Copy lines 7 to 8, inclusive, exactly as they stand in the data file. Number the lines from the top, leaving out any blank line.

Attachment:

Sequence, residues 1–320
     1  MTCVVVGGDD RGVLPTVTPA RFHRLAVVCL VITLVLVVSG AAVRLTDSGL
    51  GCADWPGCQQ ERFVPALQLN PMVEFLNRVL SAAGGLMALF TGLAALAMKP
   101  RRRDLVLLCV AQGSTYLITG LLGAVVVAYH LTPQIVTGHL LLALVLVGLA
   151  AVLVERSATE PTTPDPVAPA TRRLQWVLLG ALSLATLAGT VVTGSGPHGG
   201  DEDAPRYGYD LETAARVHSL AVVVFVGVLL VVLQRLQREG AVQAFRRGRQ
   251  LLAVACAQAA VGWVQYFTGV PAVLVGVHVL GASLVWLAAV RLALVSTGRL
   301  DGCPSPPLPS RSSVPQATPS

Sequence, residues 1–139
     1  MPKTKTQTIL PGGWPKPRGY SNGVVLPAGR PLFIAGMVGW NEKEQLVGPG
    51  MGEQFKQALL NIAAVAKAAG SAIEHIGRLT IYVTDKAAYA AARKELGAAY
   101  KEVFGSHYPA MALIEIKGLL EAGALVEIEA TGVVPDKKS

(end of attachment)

   251  LLAVACAQAA VGWVQYFTGV PAVLVGVHVL GASLVWLAAV RLALVSTGRL
   301  DGCPSPPLPS RSSVPQATPS